Oh, did we mention you can call Windows executables from WSL? You can also invoke Linux binaries and capture the output from Windows. While you think about what that could mean for DevOps scenarios, try some more of your favorite shell commands, like grep, awk and sed. If you are a little rusty with your shell commands, check out Jessica Deen’s, “15 Ubuntu Linux Commands Everyone Should Know.” You will be pleasantly surprised by the depth of the filesystem functionality including some of the more advanced features such as Unix sockets that are slated for the next major update for Windows 10 Spring Creators Update (RS4) in Spring 2018. Although working with Windows files from WSL is supported there is one caveat – do not change the files in the WSL filesystem space from Windows.

Let’s install something

Possibly the most compelling aspect of WSL is the ability to install native Linux applications directly with the distribution’s software management system. If you are using Ubuntu, you can simply,

sudo apt-get install {application}


And with the interoperability with Windows, you can access the service from Windows:


Note: If you have IIS running on port 80, you can change the port for the nginx default site (/etc/nginx/sites-enabled/default).

You no longer need to look for the Windows port of the application or try to build your own from source with Cygwin and then repeat the process with each update of the application. You also don’t need to worry about any “quirks” in the way those applications behave from the native Linux version or struggle with compatibility issues with add-on libraries like Ruby gems.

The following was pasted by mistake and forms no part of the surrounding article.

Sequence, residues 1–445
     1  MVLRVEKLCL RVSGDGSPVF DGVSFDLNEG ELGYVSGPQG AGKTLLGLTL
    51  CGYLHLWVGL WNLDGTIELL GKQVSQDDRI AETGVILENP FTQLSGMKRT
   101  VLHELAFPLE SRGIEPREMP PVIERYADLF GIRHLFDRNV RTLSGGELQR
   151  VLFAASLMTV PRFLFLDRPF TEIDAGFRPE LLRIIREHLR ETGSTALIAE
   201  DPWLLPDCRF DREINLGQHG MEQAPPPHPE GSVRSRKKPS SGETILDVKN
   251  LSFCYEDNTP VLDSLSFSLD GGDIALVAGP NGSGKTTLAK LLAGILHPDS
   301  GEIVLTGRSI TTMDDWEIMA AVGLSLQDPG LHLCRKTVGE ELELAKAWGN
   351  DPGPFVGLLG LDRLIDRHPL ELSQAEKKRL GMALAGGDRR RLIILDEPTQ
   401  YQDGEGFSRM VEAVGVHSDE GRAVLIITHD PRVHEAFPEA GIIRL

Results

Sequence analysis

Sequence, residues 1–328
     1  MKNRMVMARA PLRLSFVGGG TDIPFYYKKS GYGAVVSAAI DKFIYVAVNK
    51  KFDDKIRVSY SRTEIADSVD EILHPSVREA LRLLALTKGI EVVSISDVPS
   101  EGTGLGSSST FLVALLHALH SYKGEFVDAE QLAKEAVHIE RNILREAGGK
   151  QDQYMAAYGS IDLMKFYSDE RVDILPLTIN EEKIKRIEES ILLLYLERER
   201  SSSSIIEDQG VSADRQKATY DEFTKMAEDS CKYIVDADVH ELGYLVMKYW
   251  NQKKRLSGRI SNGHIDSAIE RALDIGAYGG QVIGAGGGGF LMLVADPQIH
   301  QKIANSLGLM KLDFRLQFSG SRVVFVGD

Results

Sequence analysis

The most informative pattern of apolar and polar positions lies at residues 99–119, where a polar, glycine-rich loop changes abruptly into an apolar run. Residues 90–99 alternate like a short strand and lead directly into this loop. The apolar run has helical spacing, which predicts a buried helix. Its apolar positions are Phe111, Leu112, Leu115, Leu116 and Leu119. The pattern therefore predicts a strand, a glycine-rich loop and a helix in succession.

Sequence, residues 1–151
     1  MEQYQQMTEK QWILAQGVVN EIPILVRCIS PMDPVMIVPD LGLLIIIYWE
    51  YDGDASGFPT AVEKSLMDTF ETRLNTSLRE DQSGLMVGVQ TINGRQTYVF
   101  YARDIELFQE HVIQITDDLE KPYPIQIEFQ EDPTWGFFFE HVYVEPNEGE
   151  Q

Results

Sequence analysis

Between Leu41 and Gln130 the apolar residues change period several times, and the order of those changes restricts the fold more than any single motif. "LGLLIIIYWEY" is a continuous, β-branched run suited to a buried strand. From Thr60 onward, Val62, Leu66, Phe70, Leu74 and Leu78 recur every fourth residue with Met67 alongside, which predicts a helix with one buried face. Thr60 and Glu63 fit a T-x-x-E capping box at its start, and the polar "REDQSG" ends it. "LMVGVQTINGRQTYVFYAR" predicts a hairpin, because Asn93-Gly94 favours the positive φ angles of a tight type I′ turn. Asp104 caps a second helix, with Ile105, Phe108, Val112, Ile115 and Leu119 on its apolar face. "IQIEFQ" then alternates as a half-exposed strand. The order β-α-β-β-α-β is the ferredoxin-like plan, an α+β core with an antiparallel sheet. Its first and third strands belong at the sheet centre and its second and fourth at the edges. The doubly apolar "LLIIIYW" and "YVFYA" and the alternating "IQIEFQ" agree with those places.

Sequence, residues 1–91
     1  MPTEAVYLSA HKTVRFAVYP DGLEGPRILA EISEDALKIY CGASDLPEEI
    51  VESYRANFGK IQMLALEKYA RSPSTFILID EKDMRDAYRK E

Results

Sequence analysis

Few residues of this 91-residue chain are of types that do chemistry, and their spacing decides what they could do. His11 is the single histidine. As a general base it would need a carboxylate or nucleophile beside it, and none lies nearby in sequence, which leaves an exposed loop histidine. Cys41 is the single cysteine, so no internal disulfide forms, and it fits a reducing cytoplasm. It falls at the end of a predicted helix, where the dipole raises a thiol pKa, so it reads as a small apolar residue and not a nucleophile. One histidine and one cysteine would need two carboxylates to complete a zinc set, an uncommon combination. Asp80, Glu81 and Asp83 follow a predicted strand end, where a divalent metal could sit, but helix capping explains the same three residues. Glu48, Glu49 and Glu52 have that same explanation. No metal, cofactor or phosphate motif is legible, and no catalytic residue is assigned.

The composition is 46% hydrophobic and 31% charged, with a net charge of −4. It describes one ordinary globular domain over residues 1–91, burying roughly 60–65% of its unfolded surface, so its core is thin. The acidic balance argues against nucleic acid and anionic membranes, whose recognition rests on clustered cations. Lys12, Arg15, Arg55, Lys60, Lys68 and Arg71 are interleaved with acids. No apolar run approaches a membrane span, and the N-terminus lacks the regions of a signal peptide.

Seamless interaction with Windows

Something you will notice fairly quickly is how seamless the user experience is with Windows. Not only can you view the Windows file system from WSL but services in WSL can be accessed from Windows. The interoperability allows for a fluid way to develop in Windows with Visual Studio with code that is designed to interact with Linux-first type platforms like Node.js and Ruby on Rails running in WSL. Visual Studio Code, for instance, capitalizes on that interoperability with the option of setting WSL as the default integrated terminal. Press Ctrl+Shift+P then enter “select default shell” to access the Terminal default shell configuration and select “WSL Bash“.


Developers can drop into a terminal to execute Linux environment tasks for the project such as running a GCC compilation process without leaving the IDE. In Visual Studio 2017, the Linux Development with C++ workload can be configured to target your local WSL installation as the Linux environment.

Want to experiment with your ASP.NET MVC application designed for Azure Redis Cache against a local Redis instance in WSL before deploying to Azure? The interoperability with WSL can facilitate that. Modify the appSettings entry in Web.config to point to your local WSL Redis instance: